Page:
Moving is stressful, no matter how old you are. There are belongings to pack, rooms to clean, papers to sign, and deadlines to meet. Plus, you have to figure out what to bring (and what will fit) in your new, smaller home, and what to do with the things that won’t be moving with you. It’s an enormous job if you’ve accumulated a lifetime of “stuff.”
“When you’re 70 or older, you don’t have the same organizational or coping skills you had at 30. You can get easily overwhelmed and feel tasks are impossible,” Dr. Mischoulon says.
The feeling of being overwhelmed is a type of stress, and it’s not good for your health. It can worsen existing health conditions, such as allergies and diabetes. Prolonged (chronic) stress increases the risk for heart disease, high blood pressure, heartburn, and many other health problems.
Tips to cope: Enlist as much help as possible, particularly if you’re daunted by whittling down your belongings. Ask friends and family to help, or — if you can afford it — hire a professional: a consultant or a company that specializes in downsizing households. Prices vary, ranging from a few dozen to a few hundred dollars per hour. The National Association of Senior Move Managers (www.nasmm.org) offers a tool to help you find pros in your area.
Nonprofit groups such as Goodwill can come and haul away (for free) furniture and other belongings you’d like to donate to charity.
3 healthy upsides of downsizing
Feeling sad about leaving your large home for a smaller one? Focus on these health benefits:
Anxiety can creep into the downsizing process when you’re worried about the unknown. “It could be the costs that are involved or whether you’ll like the new place and make friends. The uncertainty is anxiety-provoking,” Dr. Mischoulon says.
Anxiety may also come into play when you’re trying to determine which belongings to keep and which to leave behind. You may not want to let go of possessions with sentimental value, or you may fret about how well the items you give away (like family heirlooms) will be cared for. Or you may simply be reluctant to give up useful objects. “If you’ve lived through tough economic times in the past, there may be an element of wanting to hold on to things because you may need them one day,” Dr. Mischoulon explains.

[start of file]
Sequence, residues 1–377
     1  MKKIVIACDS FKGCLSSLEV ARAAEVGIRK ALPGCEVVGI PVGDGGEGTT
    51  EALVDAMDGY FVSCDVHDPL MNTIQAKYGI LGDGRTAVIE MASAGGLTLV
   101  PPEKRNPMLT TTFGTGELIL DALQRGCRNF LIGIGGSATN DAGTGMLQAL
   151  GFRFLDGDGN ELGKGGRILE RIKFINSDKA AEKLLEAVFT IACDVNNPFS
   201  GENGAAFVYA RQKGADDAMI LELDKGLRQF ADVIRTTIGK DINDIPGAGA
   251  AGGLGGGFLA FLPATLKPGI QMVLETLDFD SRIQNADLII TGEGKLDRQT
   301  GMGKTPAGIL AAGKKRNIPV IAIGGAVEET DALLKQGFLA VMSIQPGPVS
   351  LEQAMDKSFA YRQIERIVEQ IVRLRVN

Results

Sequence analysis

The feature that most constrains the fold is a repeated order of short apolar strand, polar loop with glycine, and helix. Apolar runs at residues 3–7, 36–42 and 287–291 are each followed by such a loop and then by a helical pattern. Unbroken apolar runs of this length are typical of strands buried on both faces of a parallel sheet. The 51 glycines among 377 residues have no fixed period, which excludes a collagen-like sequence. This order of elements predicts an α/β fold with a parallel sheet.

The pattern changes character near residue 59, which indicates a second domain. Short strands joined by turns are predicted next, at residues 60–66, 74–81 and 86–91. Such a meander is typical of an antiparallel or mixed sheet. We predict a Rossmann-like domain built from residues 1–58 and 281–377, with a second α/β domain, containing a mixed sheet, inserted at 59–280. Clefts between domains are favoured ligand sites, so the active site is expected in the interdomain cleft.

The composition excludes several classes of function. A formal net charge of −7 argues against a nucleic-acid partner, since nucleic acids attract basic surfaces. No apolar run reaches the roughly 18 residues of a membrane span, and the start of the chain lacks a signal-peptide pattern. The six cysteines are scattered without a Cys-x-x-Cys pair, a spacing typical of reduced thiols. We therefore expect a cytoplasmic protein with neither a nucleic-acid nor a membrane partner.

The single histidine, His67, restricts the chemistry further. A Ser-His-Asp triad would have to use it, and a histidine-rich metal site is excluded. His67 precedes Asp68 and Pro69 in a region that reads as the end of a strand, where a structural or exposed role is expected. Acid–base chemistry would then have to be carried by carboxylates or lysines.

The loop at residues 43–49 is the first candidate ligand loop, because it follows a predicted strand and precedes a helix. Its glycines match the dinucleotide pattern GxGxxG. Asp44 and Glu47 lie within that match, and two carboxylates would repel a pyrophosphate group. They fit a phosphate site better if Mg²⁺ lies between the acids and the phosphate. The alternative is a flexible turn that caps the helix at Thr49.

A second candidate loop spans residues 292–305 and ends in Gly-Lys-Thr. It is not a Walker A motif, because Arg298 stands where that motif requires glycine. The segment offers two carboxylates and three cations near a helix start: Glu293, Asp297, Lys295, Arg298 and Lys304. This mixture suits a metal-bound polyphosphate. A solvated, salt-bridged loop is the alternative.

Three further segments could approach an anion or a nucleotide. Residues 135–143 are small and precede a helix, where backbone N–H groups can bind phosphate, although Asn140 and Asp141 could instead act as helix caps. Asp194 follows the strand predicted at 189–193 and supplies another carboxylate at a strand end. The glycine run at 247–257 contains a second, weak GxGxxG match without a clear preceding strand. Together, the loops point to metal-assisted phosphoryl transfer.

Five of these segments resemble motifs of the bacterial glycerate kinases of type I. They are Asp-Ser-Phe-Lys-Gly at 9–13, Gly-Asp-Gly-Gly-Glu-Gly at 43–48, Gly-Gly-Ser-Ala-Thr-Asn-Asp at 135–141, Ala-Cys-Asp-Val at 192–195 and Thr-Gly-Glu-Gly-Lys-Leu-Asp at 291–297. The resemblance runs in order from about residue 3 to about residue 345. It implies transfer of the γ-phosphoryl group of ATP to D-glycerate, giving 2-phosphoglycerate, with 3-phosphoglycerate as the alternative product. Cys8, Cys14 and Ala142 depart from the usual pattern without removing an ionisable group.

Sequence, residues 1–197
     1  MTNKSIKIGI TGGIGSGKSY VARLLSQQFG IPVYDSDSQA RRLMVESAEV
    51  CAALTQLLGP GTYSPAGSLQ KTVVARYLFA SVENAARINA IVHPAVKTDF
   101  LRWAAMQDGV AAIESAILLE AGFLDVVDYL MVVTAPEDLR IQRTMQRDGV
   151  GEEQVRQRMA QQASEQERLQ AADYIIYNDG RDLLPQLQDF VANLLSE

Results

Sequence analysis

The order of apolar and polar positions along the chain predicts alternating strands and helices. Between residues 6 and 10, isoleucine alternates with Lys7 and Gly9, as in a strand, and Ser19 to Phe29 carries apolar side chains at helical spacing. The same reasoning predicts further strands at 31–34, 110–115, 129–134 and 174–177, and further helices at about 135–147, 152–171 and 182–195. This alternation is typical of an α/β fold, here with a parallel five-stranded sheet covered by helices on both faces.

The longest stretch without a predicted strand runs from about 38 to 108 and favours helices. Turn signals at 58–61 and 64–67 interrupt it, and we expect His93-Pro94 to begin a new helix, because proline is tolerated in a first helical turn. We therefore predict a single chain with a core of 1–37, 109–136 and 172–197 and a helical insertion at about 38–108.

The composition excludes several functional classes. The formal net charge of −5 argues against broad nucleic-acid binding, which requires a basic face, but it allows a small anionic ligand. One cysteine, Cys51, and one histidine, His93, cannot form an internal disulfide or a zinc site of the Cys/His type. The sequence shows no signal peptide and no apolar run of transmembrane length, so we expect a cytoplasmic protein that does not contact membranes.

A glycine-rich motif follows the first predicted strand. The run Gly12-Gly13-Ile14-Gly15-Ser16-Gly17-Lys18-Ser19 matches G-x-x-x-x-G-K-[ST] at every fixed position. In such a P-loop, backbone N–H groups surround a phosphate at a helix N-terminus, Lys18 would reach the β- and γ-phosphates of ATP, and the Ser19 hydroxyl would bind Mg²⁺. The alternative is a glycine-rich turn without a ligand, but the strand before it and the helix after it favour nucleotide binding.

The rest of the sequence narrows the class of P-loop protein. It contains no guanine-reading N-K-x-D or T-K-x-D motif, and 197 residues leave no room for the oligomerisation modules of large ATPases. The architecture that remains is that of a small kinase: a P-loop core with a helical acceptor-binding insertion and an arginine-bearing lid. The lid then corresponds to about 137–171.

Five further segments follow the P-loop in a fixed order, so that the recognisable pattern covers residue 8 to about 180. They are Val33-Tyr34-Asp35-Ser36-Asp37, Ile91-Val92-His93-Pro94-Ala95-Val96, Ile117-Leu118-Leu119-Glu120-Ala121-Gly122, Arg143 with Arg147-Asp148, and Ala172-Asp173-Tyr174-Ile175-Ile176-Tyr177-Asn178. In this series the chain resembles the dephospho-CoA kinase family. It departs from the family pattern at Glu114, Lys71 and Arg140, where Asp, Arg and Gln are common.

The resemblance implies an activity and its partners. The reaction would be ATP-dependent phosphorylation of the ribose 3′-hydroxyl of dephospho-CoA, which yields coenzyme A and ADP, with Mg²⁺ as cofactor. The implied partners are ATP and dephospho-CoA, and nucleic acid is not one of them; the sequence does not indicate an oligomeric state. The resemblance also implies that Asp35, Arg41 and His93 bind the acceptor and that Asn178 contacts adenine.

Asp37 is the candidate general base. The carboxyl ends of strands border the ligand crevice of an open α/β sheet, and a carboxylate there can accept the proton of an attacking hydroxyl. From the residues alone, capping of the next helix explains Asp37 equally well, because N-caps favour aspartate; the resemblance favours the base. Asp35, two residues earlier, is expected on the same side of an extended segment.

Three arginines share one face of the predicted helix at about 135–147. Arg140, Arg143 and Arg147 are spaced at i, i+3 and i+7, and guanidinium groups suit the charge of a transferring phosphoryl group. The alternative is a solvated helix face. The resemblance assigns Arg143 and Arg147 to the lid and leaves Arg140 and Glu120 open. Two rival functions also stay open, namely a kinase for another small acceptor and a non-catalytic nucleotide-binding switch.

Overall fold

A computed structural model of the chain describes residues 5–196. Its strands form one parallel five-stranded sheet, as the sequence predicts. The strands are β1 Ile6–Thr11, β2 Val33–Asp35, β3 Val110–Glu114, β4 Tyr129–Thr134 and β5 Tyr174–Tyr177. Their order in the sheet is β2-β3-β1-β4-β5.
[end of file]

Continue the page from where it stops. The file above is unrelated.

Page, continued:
Tips to cope: Dr. Mischoulon recommends keeping things based on practicality and whether the item brings you happiness. If it doesn’t, he suggests that you part with it.
It may ease your worries if you can pass on your belongings to your children. “But let them decide if there’s anything they’d like to keep for the long term. If there isn’t, it’s all the more reason to let go of something,” Dr. Mischoulon says.
Another way to part with belongings: pass them on to charities. There’s satisfaction in knowing that your donation will benefit others.
And when it comes to worrying about how you’ll cope in the next phase of life: You didn’t have all the answers when you were young, and you may not have them now. But if you make an effort to be active and engaged in your new community, you may find that this next stage will offer plenty of interest and fulfillment.